A book (later adapted into a movie) by Alan Paton (pronounced pay-ton I believe). Set in South Africa durring the reign of the Apartheid. A very touching novel that gives insight into what it was like in South Africa at the time. From the back cover of my copy:

"An immediate worldwide bestseller when it was published in 1948, Alan Paton's impassioned novel about a black man's country under white man's law is a work of searing beauty. Cry, the Beloved Country is the deeply moving story of the Zulu pastor Stephen Kumalo and his son Absalom, set against the background of a land and a people riven by racial injustice. Remarkable for its lyricism, unforgetable for character and incident, Cry, the Beloved Country is a classic work of love and hope, courage and endurance, born of the dignity of man."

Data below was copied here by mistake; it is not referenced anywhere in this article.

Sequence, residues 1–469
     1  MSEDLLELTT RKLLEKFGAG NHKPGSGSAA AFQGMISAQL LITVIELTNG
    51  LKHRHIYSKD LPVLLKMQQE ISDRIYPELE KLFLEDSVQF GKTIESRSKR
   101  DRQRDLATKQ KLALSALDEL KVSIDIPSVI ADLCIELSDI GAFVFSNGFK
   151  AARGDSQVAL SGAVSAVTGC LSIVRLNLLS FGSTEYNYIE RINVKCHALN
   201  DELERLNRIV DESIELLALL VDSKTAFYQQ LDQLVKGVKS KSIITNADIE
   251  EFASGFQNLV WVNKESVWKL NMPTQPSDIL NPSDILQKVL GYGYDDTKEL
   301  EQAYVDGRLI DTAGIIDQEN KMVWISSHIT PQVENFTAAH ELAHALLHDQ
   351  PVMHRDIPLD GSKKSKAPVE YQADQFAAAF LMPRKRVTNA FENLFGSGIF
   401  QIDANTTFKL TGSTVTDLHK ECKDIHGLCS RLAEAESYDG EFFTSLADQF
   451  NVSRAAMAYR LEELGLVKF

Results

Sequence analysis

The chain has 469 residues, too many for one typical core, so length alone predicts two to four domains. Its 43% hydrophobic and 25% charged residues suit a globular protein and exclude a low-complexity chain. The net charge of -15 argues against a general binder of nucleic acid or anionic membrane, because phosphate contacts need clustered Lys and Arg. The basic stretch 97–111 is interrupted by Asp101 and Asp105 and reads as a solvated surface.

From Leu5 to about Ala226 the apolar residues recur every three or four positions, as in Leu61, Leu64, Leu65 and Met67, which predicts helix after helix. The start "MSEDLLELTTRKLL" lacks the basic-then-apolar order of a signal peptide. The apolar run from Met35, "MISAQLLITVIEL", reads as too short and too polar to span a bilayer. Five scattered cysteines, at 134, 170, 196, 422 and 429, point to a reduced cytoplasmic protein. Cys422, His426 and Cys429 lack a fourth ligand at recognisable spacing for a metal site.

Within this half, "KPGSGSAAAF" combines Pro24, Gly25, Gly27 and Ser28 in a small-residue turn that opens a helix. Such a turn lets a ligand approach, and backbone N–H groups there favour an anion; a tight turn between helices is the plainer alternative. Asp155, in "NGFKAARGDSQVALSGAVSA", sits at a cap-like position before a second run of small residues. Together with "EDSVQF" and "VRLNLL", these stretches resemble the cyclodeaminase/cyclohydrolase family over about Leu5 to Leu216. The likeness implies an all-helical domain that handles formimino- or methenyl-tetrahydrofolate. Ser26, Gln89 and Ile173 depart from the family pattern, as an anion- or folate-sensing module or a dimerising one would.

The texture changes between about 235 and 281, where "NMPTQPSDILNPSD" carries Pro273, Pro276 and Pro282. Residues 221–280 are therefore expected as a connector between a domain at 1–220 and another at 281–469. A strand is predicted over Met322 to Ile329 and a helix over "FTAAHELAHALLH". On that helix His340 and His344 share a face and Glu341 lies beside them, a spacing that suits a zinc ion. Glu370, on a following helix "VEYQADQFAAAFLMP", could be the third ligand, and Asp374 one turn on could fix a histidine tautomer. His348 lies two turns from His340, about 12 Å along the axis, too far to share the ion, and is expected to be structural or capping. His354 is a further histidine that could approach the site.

I once met Alan Paton briefly in the early 1960s. He was speaking about the actuality of having to carry identification cards. He made his hand into a gun when he spoke of the police forces in South Africa of the time. He shook at the legs and arms while he stood.

I spoke to him after his speech for a bit. I heard his accent and looked into his eyes. When I read the book "Cry, The Beloved Country Again" again a few days later, I heard the cadence of his speech.

I hadn't thought of him in many years until I read ioctl's node. Thank you.

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